31 October 2009

30 October, Day 19: update on kidnapping of Fr Michael Sinnott

Our Lady of Ransom

This morning I celebrated the Mass of Our Lady of Ransom, associated with the Mercedarians who were founded in the early part of the 13th century to ransom impoverished Christians held by Muslims. Fr Pat O'Donoghue in one of his reports earlier this week mentioned that the Mecedarians in Argentina were praying for Father Sinnott's safe release. And many Muslims have been praing too for his release. Muslims hold Mary the Mother of Jesus in great esteem. May the prayers of Christians and Muslims, united with those of Mary obtain the release of Father Mick very soon.

30 October 2009, 10:14pm Philippine time, 2:14pm GMT
Fr Patrick O’Donoghue, Columban Superior, Philippines

Today is Father Mick’s 19th Day of captivity. ‘How long O Lord, how long?’

Today’s (Columban) death anniversaries remind us of the long years of dedication to mission of another Columban, Bishop Tommy Stewart, who was in Chunchon, Korea, for over 40 years. But they also remind us again of our vulnerability. Fr Thomas Flynn is also remembered on this day. He had been a priest of the Archdiocese of Dublin who joined the Society in 1948 and came to the Philippines. He was abducted from his convento in Labrador parish (Pangasinan, Diocese of Alaminos, and now the only parish in the province with a Columban parish priest, Fr James Sheehy) and killed. This day in 1950 is the day that he is thought to have died. And Fr William O’Flynn, one of the first batch of Columbans to go to China in 1920, died of unknown causes on this day 1929 in Kiangsi. He was 36.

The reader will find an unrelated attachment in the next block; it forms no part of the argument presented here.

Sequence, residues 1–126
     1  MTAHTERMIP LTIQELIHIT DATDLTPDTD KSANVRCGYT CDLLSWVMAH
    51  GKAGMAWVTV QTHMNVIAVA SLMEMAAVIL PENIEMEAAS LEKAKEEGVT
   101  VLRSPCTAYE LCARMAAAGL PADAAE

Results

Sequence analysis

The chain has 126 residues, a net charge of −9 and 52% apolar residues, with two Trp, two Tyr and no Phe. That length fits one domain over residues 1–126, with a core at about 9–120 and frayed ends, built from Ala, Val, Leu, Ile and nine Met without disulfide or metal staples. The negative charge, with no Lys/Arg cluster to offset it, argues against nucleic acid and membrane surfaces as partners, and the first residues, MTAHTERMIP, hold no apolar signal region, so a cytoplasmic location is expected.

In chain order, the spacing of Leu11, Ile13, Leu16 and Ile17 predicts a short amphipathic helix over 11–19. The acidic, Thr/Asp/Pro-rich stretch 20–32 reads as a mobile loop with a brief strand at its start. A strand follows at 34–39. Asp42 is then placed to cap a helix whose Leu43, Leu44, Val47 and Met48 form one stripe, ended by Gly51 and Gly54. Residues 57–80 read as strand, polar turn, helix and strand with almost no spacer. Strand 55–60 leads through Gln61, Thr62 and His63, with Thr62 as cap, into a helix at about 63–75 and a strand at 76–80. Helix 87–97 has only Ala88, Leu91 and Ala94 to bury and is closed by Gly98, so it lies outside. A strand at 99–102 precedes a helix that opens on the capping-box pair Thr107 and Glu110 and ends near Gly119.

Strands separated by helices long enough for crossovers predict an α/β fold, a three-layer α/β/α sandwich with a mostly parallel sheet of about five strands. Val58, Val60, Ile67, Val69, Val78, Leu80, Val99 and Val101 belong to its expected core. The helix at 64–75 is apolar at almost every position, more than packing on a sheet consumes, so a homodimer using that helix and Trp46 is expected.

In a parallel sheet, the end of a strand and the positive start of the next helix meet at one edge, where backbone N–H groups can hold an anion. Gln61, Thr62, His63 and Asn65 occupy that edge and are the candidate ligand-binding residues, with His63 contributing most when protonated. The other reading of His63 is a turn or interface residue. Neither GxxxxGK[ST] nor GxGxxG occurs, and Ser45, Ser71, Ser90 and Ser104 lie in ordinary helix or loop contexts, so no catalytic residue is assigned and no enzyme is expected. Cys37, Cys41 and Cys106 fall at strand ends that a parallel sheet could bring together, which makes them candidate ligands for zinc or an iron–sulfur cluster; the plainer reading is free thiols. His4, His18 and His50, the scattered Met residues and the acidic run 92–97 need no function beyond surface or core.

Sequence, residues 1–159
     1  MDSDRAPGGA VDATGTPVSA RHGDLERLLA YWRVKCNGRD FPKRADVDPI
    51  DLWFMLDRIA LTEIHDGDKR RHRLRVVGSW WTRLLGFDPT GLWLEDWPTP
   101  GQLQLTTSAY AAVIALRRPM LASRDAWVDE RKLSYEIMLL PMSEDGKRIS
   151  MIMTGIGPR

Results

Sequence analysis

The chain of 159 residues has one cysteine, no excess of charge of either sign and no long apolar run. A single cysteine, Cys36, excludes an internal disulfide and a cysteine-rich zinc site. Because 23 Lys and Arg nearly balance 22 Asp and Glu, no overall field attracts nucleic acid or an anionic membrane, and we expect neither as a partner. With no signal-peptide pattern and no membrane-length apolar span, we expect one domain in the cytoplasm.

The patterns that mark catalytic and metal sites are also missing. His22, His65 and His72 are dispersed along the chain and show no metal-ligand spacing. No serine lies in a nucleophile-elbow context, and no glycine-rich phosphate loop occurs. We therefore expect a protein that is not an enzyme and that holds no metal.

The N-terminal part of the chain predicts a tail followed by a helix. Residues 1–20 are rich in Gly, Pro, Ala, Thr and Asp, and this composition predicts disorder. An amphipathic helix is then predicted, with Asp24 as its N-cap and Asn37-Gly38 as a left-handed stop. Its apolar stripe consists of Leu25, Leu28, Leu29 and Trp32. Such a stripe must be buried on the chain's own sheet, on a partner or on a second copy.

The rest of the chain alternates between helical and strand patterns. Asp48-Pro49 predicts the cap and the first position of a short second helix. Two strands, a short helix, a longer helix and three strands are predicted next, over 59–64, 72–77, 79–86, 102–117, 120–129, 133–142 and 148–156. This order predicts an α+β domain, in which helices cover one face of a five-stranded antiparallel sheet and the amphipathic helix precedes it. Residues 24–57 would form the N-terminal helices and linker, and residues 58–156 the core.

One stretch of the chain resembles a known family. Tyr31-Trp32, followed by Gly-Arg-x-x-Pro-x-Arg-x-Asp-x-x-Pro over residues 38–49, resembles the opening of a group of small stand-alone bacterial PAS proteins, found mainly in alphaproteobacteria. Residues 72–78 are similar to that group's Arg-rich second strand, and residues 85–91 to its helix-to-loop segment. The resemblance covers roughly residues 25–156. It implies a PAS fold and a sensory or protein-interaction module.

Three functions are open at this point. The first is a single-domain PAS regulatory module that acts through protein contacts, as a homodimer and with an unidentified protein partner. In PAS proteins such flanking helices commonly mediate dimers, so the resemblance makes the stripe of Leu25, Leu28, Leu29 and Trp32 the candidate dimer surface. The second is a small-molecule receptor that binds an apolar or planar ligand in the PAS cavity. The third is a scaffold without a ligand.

Fr Thomas Flynn kidnapped and killed in Labrador, Pangasinan, Philippines, 30 October 1950

Brother Roger of Taizé said that you don’t see the word ‘success’ in the Bible. What you do see, repeated again and again, is ‘faithfulness’. What the Bible also clearly shows us is the vulnerability of this faithful God to our refusal to accept his coming and his call. God’s overwhelming love, which knows no limits, and his endless thirst for us to be reconciled and in communion with him, is at the heart of Paul’s words today: ‘my sorrow is so great, my mental anguish so endless, I would willingly be condemned and cut off from Christ if I could help my brothers of Israel’. They are extraordinary words of loving forgiveness and longing for the true good of others. There is a ‘selflessness’ in them that is truly Godlike, but which is, perhaps, beyond our comprehension. But then, as Paul himself tells us, it is Christ who is living in him. And it is in this intimacy with Jesus that Paul is willing to have made up in his life what still needs to be surrendered to God for the sake of mission – bringing about the communion of reconciliation between God and creation.